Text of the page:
The amaryllis, being a sun lover, will grow best in a sunny window that gets at least 6 hours of good light every day. They like warm temperatures, around 70-75 F, which means they will be happy in the average home. Once flowering begins, moving your amaryllis to a slightly cooler location, about 65 F, will help to make the flowers last longer.

Your amaryllis bulb is a big ugly thing that somewhat resembles an onion. If your bulb is loose, rather than preplanted in a pot or container, the first thing you’ll want to do is locate a pot or container that’s about an inch or two larger in diameter than the base of the bulb. Clay or plastic will work but make sure it has a hole in the bottom for drainage.

Plant the amaryllis so that one-third to one-half of the bulb is above the soil or growing medium. This ensures that the bulb’s nose stays dry which helps prevent fungal infections. Use any good potting soil to grow your amaryllis.

Water immediately once you plant your amaryllis bulb. Keep the soil slightly moist, but not overly wet. When flowering starts, increase the frequency of watering. Water when the soil surface feels dry, usually once a week.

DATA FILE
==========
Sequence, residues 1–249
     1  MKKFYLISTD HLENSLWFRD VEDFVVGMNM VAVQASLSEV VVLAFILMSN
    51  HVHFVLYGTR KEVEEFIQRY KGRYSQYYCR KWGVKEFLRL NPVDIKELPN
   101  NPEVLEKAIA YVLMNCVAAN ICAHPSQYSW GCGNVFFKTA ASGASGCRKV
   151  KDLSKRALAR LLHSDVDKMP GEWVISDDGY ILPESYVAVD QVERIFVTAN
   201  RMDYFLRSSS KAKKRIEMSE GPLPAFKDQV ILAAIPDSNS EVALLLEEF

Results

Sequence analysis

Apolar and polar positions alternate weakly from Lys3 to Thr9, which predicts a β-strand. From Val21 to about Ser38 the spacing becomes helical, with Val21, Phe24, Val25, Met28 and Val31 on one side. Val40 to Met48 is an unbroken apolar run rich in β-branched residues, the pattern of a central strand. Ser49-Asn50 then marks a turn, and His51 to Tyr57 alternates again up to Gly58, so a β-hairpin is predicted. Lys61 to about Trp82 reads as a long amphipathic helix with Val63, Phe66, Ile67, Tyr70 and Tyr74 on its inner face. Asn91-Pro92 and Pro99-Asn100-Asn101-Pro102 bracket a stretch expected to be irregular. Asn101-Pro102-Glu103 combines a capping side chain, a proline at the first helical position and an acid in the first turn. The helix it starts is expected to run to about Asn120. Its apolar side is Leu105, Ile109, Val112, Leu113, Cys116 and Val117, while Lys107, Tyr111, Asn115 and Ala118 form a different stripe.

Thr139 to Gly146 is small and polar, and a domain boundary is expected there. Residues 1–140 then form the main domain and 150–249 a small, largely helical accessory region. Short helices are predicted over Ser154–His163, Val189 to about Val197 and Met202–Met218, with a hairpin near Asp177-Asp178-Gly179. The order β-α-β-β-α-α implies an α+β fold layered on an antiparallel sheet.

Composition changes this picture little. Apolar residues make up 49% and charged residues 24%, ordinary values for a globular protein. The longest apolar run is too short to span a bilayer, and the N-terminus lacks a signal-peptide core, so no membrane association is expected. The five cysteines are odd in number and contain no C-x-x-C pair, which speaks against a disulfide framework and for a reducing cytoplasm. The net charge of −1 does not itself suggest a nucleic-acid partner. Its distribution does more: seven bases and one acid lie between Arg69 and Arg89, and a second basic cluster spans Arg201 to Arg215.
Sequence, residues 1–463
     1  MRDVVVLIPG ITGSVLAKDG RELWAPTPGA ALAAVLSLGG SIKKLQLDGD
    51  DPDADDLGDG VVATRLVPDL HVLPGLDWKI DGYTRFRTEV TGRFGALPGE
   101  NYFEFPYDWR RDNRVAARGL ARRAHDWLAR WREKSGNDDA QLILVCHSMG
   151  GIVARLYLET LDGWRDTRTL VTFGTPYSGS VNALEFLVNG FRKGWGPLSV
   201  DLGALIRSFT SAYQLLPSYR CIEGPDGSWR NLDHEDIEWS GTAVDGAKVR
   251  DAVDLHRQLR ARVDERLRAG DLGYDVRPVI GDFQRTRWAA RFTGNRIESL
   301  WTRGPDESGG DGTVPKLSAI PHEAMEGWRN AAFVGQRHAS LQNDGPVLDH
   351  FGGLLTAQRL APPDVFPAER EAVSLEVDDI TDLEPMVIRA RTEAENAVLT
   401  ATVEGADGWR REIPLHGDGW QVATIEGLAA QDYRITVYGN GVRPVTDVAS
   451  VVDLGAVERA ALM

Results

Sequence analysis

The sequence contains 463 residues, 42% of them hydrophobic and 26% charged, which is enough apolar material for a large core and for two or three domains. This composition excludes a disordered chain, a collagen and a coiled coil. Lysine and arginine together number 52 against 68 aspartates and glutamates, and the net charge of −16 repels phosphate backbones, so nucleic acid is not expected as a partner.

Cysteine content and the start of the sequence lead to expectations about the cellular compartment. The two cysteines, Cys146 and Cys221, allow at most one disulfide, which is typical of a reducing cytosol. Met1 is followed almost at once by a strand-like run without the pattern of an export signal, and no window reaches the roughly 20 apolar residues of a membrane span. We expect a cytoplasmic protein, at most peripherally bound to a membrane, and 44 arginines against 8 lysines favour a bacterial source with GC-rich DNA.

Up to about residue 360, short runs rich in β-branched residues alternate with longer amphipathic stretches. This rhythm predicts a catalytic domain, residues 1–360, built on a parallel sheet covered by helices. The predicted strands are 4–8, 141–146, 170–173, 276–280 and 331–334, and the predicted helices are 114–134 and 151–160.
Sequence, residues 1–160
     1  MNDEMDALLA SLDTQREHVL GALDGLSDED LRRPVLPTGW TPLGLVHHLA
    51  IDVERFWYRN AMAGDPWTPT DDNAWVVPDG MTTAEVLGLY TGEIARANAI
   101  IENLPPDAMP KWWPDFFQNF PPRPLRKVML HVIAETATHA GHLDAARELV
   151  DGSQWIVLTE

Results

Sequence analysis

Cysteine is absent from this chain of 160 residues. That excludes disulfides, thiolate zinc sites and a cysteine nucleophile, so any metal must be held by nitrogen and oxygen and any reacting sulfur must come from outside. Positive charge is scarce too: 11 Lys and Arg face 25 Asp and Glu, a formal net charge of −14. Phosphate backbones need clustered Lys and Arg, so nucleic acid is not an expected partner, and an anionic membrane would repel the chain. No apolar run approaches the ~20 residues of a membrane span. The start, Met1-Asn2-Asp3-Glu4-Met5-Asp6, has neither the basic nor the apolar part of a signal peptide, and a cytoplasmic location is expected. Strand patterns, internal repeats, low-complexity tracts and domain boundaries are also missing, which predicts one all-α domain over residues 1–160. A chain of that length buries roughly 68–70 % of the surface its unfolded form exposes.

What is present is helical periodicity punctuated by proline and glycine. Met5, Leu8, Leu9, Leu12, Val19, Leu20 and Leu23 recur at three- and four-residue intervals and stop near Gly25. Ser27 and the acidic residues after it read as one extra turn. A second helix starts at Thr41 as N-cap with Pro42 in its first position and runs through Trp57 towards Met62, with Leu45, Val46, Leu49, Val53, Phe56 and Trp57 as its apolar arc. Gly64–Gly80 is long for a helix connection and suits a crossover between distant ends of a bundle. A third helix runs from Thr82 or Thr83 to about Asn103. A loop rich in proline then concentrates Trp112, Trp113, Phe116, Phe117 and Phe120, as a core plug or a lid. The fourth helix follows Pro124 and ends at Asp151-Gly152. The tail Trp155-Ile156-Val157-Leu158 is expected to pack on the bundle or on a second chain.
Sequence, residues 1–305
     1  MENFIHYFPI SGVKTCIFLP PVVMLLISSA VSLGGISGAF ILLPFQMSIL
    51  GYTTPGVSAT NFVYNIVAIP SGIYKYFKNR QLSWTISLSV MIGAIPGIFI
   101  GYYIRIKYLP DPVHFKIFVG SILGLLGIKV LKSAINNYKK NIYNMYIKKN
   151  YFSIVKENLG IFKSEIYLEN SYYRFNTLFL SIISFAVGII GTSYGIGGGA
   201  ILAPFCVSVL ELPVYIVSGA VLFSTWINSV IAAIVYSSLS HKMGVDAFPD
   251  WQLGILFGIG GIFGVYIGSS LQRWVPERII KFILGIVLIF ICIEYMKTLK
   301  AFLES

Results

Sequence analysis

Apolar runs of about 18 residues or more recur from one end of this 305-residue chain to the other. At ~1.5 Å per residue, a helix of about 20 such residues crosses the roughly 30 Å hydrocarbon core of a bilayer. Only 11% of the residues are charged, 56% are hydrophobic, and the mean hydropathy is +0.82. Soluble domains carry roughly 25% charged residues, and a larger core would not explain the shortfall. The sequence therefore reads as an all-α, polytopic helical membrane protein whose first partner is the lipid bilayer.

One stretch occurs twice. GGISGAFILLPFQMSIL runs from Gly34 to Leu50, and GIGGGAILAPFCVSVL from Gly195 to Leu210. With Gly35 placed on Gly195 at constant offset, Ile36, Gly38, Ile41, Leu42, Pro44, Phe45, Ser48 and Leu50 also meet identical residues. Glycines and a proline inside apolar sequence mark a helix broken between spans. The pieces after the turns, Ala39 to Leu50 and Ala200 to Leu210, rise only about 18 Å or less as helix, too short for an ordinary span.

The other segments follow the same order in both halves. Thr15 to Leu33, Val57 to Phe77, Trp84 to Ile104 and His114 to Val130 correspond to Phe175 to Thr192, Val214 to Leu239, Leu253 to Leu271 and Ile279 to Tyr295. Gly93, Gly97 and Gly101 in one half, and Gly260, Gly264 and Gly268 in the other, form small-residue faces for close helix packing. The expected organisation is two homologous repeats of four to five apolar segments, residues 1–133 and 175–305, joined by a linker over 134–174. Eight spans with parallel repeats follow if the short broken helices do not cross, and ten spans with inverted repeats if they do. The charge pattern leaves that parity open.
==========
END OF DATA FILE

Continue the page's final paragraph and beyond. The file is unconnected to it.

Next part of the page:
Do not fertilize the plant while it has no leaves. This is important to remember since the bulb generally will send up the flowering stalk before it does much in the way of leaf development. Fertilizing too soon will kill the roots… and that means no flowers. Once leaves begin to develop, fertilize twice a month using a soluble fertilizer recommended for indoor potted plants.

Remove the blossoms as soon as they fade to prevent seed formation, which would simply weaken the bulb. Do this by cutting the stem off just above the bulb. Do not remove any leaves. Make sure you keep your amaryllis in a sunny window now and water and fertilize it regularly. This is the active growth stage of your bulb and proper care now will give you a bigger bulb (and more flowers) next season.